Searching for the truth is the most dangerous thing firefighter Donny Robertson will ever do.
The blaze in the old factory has left Donny physically and mentally scarred. And Fitz was dead, nothing was going to change that. But everyone is eager to put that tragedy behind them – there were no traces of arson and no signs of foul play.
Donny needs to regain his confidence and earn the trust of his crew and colleagues. It doesn’t help that he’s convinced the fire was no accident. Is it the set of curious coincidences, or is it simply Donny’s inability to let go of the man who had been his friend and mentor? And where was the line between loyalty and obsession? Was it worth losing his job, his home and his relationship?
As pieces of the puzzle begin to fit together, evidence and people start to disappear. By the time Donny realizes he’s over his head in a world of corporate intrigue and murder for hire, it’s too late. He’s become a loose end and someone is cleaning up. Framed for the murder of his last remaining lead, Donny realizes his only chance is to find and confront the person pulling the strings. It’s a desperate plan and it will cost him everything he has left.
Exclusive excerpt from The Spark by John Kenny
The radio crackled to life. It was Spike. “The hydrant’s no good. The spindle’s seized or something. I gotta get another one.”
“Roger. Make it quick. We got the lady. How much water we still got, Moose?”
“Half a tank.”
Donny keyed his mic again. “How you doing, Eddy?”
“Just barely holding it. We need a second line,” came the terse reply.
Damn, this was not good. There was no way they could get her out alive going down the stairs through the fire.
Scooter’s voice came on the radio. “Everyone’s out next door. Hang tight, Donny, we’ll get you that hydrant and bring a second line.”
“It’s too hot to wait for the hydrant, Scooter. We’re bailing.”
Donny took a pouch from the pocket on his bunker pants. He pulled the end of a rope from the pouch, wrapped it around the pipe of the radiator beneath the window and clipped the rope back on itself with a carabiner. He threw the pouch out the window and the thin red escape rope snaked down three stories to the ground.
The woman was coughing and moaning incoherently now. Sirens wailed and the radio crackled with the arrival of more crews.
“Susan, we’re going out the window. Lady, I’m going to clip this rope onto Susan and she’s going to take you down.”
“Quarter tank, Cap.” More good news from Moose. Eddy had forty-five seconds of water left at most. Donny clipped the descender that was threaded through the rope onto Susan’s SCBA straps.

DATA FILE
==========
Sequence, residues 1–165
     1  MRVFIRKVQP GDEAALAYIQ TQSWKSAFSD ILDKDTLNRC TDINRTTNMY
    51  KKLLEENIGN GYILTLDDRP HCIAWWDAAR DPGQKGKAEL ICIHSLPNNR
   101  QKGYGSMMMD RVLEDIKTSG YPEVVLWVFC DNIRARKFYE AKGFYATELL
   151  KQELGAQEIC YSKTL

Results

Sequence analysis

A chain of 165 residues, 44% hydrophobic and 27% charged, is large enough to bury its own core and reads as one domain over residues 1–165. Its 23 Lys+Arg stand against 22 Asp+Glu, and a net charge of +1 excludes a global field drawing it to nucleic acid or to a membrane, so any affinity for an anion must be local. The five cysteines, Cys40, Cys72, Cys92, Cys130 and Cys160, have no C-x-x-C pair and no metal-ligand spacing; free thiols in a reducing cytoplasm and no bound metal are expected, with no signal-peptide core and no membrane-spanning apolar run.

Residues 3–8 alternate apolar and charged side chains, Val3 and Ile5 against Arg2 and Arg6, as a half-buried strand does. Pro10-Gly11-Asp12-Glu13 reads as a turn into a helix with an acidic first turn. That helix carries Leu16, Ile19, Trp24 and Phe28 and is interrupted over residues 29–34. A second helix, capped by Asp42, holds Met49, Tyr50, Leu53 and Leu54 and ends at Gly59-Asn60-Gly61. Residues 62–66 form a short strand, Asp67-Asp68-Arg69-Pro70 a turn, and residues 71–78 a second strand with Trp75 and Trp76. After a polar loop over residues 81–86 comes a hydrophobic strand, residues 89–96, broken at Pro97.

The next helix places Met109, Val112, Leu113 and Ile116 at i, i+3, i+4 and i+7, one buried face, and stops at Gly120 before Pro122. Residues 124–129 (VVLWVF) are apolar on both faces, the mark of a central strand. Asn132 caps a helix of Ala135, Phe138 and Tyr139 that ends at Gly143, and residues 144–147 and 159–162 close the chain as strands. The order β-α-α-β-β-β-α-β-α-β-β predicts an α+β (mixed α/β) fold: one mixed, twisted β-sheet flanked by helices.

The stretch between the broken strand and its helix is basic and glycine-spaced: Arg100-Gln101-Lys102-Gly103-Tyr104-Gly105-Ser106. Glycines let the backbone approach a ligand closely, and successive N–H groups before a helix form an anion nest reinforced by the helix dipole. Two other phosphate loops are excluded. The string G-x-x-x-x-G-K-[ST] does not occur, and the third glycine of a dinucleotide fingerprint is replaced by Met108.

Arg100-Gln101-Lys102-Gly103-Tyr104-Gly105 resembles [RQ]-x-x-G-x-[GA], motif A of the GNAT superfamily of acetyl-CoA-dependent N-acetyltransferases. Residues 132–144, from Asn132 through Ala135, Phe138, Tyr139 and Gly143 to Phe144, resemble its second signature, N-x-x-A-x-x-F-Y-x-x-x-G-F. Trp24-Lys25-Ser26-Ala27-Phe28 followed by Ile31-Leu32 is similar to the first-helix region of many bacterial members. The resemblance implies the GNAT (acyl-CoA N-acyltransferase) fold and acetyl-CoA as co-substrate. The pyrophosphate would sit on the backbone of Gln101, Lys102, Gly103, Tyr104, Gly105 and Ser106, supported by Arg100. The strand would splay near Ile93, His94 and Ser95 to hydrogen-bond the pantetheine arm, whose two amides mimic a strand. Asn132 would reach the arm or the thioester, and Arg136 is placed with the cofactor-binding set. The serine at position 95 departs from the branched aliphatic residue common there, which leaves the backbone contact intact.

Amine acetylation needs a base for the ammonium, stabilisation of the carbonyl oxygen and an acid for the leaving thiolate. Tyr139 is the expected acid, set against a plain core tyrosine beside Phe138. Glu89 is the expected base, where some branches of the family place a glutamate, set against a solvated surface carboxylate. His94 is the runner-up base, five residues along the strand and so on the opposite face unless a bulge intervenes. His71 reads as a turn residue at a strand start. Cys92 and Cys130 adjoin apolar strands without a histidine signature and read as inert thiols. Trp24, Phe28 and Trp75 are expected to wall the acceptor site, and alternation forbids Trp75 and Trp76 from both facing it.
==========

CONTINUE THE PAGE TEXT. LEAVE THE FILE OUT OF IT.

“I’ve only practised this once, Cap, and never holding someone else,” Susan said nervously. “Maybe you should take her.”
“You’re hooked up. Now get out there. There’s no time for this.”
Susan climbed out the window, turned, and braced her feet against the wall. “Ready!” she called.
Donny lifted the woman towards the window. The heat hammered on them. “I can’t do it, I can’t,” the woman moaned.
“Yes, you can, and you’re going to, or I’ll throw you out the window! Hang onto Susan. Hang on and don’t let go for anything.” He saw her clasp her arms around Susan’s neck. Susan put one arm around the woman’s waist and eased the rope through the descender with her other hand as she walked backward down the wall.
“I’m dry,” Moose called over the radio. Donny could feel the sudden surge of heat.
“I gotta pull back till they get the hydrant,” Eddy cut in. “Your best bet’s the window, Donny. It’s coming up the stairs.”
“That’s my plan once they’re down,” Donny answered. He lay flat on his belly, getting as low as he could under the deadly heat. The scars on his neck and shoulders were screaming. Time slowed to a trickle.
He watched the orange glow brighten in the smoke, moving closer. He knew the fire was swirling up the stairs, spreading across the ceiling, reaching towards the window. It was coming to reclaim him.
What was he doing here? They had offered him any number of desk jobs, a training officer position, anything he wanted. Why had he insisted on coming back to the trucks?
Anger, fear and regret welled up inside him. It seemed like every emotion he had ever felt, ever denied, all surged, threatening to shatter him into a thousand glowing embers.
Then, like a towering wave, it broke. In a crystal moment, terror and remorse melted away. There was only what needed to be done. He had to wait. The escape rope was meant to hold one person; it might hold two, but it couldn’t take the weight of three bodies.
The seconds stretched into eternity.
“We’re down. Get the hell out of there,” the radio barked.
Donny rose to his knees. The heat was a razor-edged juggernaut driving him back down. He reached for the rope, gripped it tightly, and flung himself out the window. The slick red nylon slipped through his leather gloves as he slid down the side of the building.
Suddenly he was weightless, floating. He saw the melted end of the rope drift above him, a ruby snake weaving lazily in the clear sapphire sky; then there was a thump, and the blackness closed around him.